Lake Country man guilty of filming women with camera hidden in bedroom | iNFOnews | Thompson-Okanagan's News Source
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Lake Country man guilty of filming women with camera hidden in bedroom

A Lake Country man has been found guilty of voyeurism for secretly videoing his new girlfriend in his bedroom using a hidden camera disguised as a smoke detector.

At the Kelowna courthouse Monday, Dec. 12, provincial court Judge David Ruse found 37-year-old Brian Earl Mills guilty of secretly recording his girlfriend, and on a separate occasion another unidentified woman, using a hidden camera in the summer of 2020.

Earlier during the trial, Mills had argued the hidden camera was there for security reasons and not to secretly record the women.

However, Judge Ruse dismissed Mills' testimony.

"The only reasonable inference to be drawn from the evidence is that the purpose of the hidden camera was to record a person exposing her genitals or anal region or breasts or engaged in sexual explicit activity," the judge said.

The couple had been together for several months when Mills' girlfriend – whose name is covered under a publication ban – noticed a second smoke detector had been installed in his bedroom.

Mills told her he got the second smoke detector because the other one was broken but he was evasive when asked why he hadn't gotten his landlord to fix the original one.

The girlfriend had also pointed out the dummy smoke detector was in the wrong place, which she knew because she was currently doing renovations to her home and had recently installed new smoke detectors.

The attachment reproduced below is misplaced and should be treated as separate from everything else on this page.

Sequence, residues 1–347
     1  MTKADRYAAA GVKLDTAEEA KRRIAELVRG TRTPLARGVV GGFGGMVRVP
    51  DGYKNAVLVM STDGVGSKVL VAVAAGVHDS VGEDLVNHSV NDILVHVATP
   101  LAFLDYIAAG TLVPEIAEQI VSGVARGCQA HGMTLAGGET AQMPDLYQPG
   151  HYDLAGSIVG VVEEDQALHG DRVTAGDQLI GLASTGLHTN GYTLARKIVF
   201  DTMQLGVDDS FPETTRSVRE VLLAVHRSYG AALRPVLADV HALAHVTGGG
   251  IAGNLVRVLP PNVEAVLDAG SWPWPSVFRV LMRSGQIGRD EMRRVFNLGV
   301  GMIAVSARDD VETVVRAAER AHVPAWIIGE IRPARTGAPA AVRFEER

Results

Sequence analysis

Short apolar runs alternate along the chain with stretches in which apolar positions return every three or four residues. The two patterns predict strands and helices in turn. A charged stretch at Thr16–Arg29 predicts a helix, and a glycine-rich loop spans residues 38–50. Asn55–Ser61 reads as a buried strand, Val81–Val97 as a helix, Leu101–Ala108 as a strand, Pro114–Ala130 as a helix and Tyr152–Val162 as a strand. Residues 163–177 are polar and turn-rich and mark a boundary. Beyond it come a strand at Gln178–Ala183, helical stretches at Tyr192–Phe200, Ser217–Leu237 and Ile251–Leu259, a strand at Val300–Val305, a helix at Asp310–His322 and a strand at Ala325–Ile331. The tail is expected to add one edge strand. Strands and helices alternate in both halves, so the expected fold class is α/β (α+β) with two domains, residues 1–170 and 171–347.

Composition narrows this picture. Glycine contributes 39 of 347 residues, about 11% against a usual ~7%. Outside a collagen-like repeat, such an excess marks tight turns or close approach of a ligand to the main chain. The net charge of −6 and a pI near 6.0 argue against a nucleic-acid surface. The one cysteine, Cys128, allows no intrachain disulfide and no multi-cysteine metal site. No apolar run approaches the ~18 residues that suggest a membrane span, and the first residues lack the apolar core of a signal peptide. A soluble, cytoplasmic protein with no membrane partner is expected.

Again, Mills brushed off the question.

Not long after the dummy smoke detector was installed the girlfriend found its box in Mills laundry hamper.

The box read "Dummy smoke detector security camera with night vision."

The girlfriend then confronted Mills about the hidden camera.

Mills told her it was for security as he had a handgun and $5,000 of silver coins in his bedroom closet. He also said there was "no video of us anywhere."

The girlfriend left Mills' home and went straight to the police.

RCMP later searched the property and discovered footage from the camera uploaded to Mills' computer.

Along with footage of the girlfriend in Mills bedroom, police also discovered footage of another woman who has still not been identified.

Judge Ruse said Mills had argued he camera was purely for security and he had another camera outside his home and one in the kitchen.

However, Judge Ruse didn't buy it.

The judge said Mills had on several occasions asked his girlfriend to video them in bed and for her to send him nude pictures, but she had refused.

Judge Ruse also pointed out that the hidden camera didn't capture the bedroom door or window.

"The position of the hidden camera as installed did not meet the security needs as articulated by Mr. Mills, it did, however, capture any activity sexual or otherwise that occurred on the bed," the judge said.

The court heard Mills worked as a wielder and had since moved to Fort St. John.

Ultimately, Mills was found guilty of secretly recording his then-girlfriend and the other unknown woman.

The court ordered that Mills undergo a psychological assessment and he will be sentenced sometime in the new year.


To contact a reporter for this story, email Ben Bulmer or call (250) 309-5230 or email the editor. You can also submit photos, videos or news tips to the newsroom and be entered to win a monthly prize draw.

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